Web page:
SOCIAL BUSINESS MODELS

What are the business models for social enterprises to generate revenue?

Social enterprises need to make money to operate and pursue their social mission. The way they make money is what we call a business model.  

There are almost as many business models as companies, as social enterprises are finding innovative ways to generate money while pursuing a social mission.  We’ve detailed the most popular and inspiring business models for each social mission on this website (Visit the Visions section). 

Where to find capital to get started and grow your social enterprise?

 Access to capital to start and grow a social business is a real challenge for social enterprises, as investors should expect lower returns on investment than for traditional enterprises. 

There are a range of financial instruments which take into account the particular needs of social enterprises. Social enterprises can get grants from various private or public organizations, capital and loans from crowdfunding / P2P lending websites (StartSomeGood, ECrowd!, Community Chest,…),  loans from ethical banks (Charity Bank, Triodos Bank, Alternative Bank…) or venture capital from impact investment funds (Oikocredit, Yunus Social business, Acumen, Unitus Seed Fund, Intellecap, Bridges Fund Management, CAN Invest,…).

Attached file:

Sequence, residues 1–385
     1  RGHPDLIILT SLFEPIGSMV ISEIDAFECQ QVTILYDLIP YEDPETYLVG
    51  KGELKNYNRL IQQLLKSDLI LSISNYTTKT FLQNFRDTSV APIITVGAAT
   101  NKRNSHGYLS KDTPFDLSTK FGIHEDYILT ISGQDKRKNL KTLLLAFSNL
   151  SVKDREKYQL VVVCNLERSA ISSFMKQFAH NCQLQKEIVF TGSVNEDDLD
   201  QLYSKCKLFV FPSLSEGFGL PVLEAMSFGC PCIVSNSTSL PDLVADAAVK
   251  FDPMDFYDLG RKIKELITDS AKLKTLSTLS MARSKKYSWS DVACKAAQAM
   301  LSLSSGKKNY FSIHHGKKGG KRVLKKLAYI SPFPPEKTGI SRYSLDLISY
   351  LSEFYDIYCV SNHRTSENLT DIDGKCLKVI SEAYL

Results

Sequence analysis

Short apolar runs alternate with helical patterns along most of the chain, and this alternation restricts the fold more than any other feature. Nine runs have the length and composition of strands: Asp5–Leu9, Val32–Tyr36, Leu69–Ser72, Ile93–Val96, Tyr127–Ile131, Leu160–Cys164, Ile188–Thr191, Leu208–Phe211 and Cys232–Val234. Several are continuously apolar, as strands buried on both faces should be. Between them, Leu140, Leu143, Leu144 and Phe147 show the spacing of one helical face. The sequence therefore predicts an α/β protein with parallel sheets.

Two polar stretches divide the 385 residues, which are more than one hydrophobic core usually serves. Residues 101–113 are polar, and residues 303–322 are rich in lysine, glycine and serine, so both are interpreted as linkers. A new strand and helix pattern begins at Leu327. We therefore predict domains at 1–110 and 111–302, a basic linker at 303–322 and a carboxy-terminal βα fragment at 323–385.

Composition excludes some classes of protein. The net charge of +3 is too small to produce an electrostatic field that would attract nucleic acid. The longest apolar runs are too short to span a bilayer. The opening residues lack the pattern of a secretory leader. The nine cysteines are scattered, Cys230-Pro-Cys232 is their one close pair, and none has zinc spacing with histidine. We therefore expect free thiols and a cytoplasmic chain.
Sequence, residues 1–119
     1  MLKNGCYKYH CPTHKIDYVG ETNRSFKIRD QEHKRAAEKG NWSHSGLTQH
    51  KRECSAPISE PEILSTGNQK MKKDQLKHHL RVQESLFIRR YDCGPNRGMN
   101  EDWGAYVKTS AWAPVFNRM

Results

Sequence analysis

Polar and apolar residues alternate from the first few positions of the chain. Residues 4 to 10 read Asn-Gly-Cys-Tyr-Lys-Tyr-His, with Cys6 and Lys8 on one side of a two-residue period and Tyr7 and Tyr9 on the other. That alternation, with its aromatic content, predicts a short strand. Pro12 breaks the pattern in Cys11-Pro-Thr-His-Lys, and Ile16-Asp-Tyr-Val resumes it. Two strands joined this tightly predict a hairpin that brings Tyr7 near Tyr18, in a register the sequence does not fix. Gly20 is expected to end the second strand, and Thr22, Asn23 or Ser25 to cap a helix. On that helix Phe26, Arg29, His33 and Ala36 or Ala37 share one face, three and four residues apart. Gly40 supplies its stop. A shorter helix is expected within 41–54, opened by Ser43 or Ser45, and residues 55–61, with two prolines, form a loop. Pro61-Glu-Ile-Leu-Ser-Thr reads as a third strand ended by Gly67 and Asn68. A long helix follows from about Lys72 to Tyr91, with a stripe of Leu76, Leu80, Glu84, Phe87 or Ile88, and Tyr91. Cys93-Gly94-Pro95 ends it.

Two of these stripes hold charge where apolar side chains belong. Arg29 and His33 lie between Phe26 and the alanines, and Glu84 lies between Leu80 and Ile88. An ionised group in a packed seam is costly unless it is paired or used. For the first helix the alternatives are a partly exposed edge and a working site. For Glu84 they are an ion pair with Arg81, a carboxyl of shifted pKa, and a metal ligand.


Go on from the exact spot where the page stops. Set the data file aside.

What to do with the profits

That is a crucial question for social entrepreneurs.

There are 3 different models – with pros and cons. You’ll find them described below.   

Non-Profits

Non-Profits organizations (also called Charities) have been the more common social enterprises models for years.  Non-profits depend on donations or on private or public grants to survive and to operate.  However, this kind of model isn’t sustainable or scalable as funds can only be spent once. Non-Profits need to spend a lot of time and money in communication to collect donations.

For-Profits

The idea that enterprises can both pursue two goals, maximise profit and generate a social impact, has seduced a lot of entrepreneurs. However, these two goals are often contradictory : a for-profit business must generate dividends for its investors and will have to take decisions that are not maximising the social impact to satisfy its investors. 

A well-known example for-profits models which have a social mission is Elon Musk’s Tesla. The company sells fancy electric cars to rich people, but a part of the money generated is used for the real mission of the company, which is to develop cheaper batteries that will make it much easier to transition to a green economy, and eventually electrify all of transport.  

Social Businesses / Not-For-Profit

A Social Business is a more recent concept. It was first defined by Nobel Peace Prize laureate Professor Muhammad Yunus as a business that is created and designed to address a social problem and is a non-loss, non-dividend company, i.e. it is financially self-sustainable (doesn’t depend on donations) and profits realized by the business are reinvested in the business itself (or used to start other social businesses), with the aim of increasing social impact. Per Yunus’ quote: “A charity dollar has only one life; a social business dollar can be invested over and over again.”